🔍 :is() and :where()
·3 min read
Both selectors (
:where()) have been around for some time and are compatible with most modern browsers. These are very useful selectors, which allow us to simplify complex and repeated CSS selectors. Both take as arguments a list of selectors; they can select any element that can be selected by one of the selectors in this list.
Pretty simple right? 🤔 However, because it is relatively new, many people still don't know about them or don't know how to apply them in their projects. So I want this article to give examples of how to use it and show the difference between them.
👇🏻 Below is the traditional way of selecting an item from a list:
✅ Now see how we can simplify the whole syntax using the new selectors:
This way, we've made it much easier and faster to code and improved readability by avoiding creating an extended selector.
Simplifying selectors with
:where() is similar to how CSS preprocessors like Sass handle nested rules.
An SCSS file written like this:
After processing becomes:
⚠️ But preprocessors like Sass process their rules nested in a list of selectors, whereas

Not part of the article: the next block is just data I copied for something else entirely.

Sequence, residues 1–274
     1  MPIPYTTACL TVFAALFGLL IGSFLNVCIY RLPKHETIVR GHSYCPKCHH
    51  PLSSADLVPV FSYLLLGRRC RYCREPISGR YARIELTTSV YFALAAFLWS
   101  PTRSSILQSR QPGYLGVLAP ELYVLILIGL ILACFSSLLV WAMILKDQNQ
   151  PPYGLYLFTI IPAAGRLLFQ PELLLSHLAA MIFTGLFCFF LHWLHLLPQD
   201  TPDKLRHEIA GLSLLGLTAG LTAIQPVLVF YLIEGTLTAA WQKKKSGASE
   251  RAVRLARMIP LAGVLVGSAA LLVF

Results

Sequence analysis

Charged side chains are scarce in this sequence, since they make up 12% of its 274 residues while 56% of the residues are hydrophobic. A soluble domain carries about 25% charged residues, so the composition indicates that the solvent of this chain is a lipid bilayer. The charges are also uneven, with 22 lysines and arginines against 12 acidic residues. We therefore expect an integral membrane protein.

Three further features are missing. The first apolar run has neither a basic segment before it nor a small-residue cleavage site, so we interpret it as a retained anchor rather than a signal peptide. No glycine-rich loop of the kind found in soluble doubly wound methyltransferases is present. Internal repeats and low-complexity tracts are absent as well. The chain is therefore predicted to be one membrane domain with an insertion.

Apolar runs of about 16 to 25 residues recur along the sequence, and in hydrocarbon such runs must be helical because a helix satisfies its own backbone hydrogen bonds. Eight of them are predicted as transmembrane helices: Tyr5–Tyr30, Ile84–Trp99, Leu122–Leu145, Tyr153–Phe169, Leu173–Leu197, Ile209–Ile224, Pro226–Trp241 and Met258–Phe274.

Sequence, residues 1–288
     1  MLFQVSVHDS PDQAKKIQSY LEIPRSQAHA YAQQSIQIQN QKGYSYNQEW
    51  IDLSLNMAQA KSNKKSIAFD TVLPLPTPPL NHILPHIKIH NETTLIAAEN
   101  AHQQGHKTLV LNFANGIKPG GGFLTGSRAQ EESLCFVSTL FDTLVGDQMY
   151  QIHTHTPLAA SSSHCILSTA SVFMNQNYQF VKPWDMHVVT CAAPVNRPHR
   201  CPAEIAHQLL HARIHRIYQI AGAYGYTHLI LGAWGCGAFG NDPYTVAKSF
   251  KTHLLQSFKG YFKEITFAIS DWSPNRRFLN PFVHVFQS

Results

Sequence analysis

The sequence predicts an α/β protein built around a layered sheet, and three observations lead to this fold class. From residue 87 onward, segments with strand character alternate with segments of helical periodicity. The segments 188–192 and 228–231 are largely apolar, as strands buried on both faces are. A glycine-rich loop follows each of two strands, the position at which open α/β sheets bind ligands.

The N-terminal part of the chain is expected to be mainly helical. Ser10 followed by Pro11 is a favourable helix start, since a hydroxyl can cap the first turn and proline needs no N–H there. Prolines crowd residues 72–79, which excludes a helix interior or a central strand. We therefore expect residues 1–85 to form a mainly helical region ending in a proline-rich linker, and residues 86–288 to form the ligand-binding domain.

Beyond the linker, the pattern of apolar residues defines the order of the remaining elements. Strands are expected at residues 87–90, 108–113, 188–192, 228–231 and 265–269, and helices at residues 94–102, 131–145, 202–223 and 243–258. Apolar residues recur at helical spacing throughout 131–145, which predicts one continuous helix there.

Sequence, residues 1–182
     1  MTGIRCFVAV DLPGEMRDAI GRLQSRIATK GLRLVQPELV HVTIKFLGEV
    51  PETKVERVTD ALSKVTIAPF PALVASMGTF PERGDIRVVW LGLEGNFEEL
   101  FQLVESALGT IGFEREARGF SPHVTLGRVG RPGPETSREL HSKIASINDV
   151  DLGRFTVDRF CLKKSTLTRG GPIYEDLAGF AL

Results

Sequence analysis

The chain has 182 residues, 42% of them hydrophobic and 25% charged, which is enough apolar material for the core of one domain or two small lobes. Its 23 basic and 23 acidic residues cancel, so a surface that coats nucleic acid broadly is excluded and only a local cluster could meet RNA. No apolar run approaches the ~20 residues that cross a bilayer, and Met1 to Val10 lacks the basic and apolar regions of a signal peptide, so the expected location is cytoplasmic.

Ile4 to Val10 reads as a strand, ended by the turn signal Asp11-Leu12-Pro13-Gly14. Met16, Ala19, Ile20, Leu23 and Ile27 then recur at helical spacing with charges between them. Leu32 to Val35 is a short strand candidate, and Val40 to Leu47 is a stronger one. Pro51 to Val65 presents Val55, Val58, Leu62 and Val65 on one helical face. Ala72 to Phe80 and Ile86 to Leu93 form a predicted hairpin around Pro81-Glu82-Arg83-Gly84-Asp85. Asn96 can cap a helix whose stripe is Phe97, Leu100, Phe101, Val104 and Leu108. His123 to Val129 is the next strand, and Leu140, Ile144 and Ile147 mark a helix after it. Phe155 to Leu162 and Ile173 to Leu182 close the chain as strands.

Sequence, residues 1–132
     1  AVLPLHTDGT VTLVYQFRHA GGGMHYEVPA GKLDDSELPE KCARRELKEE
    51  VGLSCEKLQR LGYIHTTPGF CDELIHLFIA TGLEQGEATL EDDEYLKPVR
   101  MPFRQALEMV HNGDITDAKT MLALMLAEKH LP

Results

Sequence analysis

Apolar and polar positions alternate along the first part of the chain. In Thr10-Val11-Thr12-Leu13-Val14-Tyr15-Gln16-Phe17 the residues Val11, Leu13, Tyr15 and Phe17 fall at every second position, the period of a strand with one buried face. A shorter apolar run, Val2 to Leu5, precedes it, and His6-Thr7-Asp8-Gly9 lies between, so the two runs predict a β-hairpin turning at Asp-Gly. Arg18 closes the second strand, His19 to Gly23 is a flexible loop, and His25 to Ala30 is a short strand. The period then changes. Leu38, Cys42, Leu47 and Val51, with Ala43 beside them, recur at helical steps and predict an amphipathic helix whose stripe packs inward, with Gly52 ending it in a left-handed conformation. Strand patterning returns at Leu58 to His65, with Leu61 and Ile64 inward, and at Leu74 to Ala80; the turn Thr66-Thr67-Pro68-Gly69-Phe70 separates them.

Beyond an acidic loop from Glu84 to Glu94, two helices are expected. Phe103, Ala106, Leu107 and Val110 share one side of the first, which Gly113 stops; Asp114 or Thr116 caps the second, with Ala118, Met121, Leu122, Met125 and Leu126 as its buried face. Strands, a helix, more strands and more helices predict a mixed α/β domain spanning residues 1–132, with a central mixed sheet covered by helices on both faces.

:is() will treat specificity rules differently, and it's also different from how
:where() handles it.
According to the CSS4 Working Draft:
That is, the specificity of this selector is automatically 🔃 updated to the most specific item in the given argument list.
:where() has no specificity. Its specificity is always zero, making it the first selector resource of its kind in CSS.
Thus, any element selected with this selector automatically gets a specificity of zero. It's so cool that it opens doors and possibilities that were impossible before. ✨
It is now possible for libraries to offer versions without specificity. That way, using them would be much easier if there is wider adoption, as the competition for specificity between authors and library styles could end.
🕯️ I hope I have shed some light on how these powerful selectors work!